However, I prefer to have servers just download updates and let me decide when to install them. There can be good reasons for this. For example, I run Exchange Server on a machine that is not really up to spec, and the Exchange services have to be manually started every time it reboots. Well, there are ways round this, but it makes the point.

It turns out that you can after all set Windows Server 2016 to download-only. Just run sconfig from the command line and choose option 5:


The sconfig menu will be familiar if you have worked with Server Core or other variants of Windows Server without a GUI.

Incidentally, I tried to install Exchange 2016 on Server 2016 without a GUI but it appears not to be supported. A shame.

Returning to the subject of updates, Brendan Power at Microsoft popped up on Reddit to say that this is a bug in in the settings:

The "Available updates will be downloaded…" text in the UI is a bug that doesn’t represent the actual automatic update settings.

To verify the actual server settings, you can open the command prompt and run sconfig.cmd; in the menu, you should see option 5 set to Manual.

A bug? I am not sure. If so, it seems an odd and obvious one. I think Microsoft is keen to have us update automatically. That said, Windows Server 2016 is meant to follow the Long Term Servicing Branch (LTSB) model rather than the “Windows as a service” approach in Windows 10, unless you run Nano Server, according to this post. So compulsory update to retain a supported configuration does not apply here.

Of course you should patch your Windows Server installations in a timely manner, however you choose to do it.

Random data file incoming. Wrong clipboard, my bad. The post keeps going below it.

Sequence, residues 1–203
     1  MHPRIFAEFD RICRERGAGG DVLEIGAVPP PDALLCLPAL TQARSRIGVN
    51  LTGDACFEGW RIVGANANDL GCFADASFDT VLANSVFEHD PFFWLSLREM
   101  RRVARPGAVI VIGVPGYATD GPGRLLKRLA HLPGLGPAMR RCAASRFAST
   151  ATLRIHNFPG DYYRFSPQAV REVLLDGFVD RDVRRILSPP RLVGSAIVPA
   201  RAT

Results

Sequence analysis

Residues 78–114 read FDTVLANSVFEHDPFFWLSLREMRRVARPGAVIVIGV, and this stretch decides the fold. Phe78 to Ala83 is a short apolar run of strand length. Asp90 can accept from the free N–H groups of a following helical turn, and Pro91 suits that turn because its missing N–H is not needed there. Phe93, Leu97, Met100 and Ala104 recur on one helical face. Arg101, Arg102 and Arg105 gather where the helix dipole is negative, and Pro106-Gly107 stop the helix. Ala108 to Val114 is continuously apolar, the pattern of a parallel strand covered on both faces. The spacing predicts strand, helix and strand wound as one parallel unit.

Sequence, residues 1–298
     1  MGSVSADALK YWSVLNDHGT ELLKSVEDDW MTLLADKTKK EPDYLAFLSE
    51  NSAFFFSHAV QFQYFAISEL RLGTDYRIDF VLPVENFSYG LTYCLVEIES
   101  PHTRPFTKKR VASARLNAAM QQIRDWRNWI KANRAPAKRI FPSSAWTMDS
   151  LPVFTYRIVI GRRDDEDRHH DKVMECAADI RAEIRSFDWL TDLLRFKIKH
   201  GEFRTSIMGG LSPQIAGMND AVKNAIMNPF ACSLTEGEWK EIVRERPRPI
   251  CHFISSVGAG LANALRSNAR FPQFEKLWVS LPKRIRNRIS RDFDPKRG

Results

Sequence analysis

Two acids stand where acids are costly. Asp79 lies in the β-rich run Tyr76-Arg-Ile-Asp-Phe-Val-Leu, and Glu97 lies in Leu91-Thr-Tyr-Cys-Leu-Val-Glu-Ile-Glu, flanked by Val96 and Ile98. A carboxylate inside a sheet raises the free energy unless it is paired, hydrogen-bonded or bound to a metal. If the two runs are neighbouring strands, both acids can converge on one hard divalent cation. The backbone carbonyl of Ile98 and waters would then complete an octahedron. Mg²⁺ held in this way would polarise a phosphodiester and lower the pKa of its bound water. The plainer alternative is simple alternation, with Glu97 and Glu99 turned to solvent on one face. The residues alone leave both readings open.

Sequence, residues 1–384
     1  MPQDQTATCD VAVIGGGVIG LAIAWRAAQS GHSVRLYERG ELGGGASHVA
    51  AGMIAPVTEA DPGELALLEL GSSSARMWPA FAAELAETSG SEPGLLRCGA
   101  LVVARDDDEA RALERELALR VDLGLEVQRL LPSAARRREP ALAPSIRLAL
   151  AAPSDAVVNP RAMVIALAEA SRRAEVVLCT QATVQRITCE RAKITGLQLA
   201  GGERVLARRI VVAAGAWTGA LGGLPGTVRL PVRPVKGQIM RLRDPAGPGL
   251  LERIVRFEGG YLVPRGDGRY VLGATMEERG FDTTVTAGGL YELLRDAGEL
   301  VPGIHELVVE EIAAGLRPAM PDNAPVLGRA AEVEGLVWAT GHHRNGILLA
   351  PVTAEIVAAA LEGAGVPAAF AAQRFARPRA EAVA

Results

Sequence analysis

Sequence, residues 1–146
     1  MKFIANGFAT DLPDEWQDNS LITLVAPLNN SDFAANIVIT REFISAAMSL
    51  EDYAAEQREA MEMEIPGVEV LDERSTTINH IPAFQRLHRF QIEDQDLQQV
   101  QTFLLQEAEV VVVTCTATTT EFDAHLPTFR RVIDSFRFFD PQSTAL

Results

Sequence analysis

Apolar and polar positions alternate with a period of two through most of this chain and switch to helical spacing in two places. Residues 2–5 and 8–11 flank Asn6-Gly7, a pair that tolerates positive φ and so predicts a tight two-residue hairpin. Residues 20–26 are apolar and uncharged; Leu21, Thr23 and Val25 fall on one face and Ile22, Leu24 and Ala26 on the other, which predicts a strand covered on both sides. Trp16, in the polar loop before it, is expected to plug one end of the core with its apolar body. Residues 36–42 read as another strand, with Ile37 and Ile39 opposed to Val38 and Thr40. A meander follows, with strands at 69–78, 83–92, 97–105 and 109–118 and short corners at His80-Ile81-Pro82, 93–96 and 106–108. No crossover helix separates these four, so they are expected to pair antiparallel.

How to get a Bitlocker recovery key on Android

Scenario: you are out and about with your laptop and phone. Laptop protected with Bitlocker encryption. You start up your laptop and it decides for no obvious reason to demand your Bitlocker key before booting up.

If your laptop is domain-joined, this key is normally stored in Active Directory. If is not domain-joined, it is normally stored in the OneDrive linked with your Microsoft account. These are options when the Bitlocker encryption was applied.

This laptop is not domain-joined and the key is in OneDrive. So I pick up my phone and find the link, which is here.

Android helpfully opened this link in the OneDrive app, but not to the location of the keys, just the home page. No idea how to find the recovery keys in there.

The solution I found was to copy the link and paste it directly into the browser. You might need to get a code sent to your phone if you have 2-factor authentication. I found I needed to check the box for “I log on frequently with this device” before it worked.

Then I could see the key in the Android web browser. Phew.

QCon London 2017: IoT insecurity, serverless computing, predicting technical debt, and why .NET Core depends on a 36,000 line C++ file

I’m at the QCon event in London, a multi-vendor conference aimed primarily at enterprise developers and architects.

Adam Tornhill speaks at QCon London 2017

A few notes on day one. Alasdair Allan gave a keynote on security and the internet of things; it was an entertaining and disturbing résumé of all that is wrong with the mad rush to connect everything to the internet though short on answers; our culture has to change so that organisations such as hotels, toy manufacturers, appliance vendors and even makers of medical equipment take security seriously but it is not clear how this will come about unless so many bad things happen that customers start to insist on it.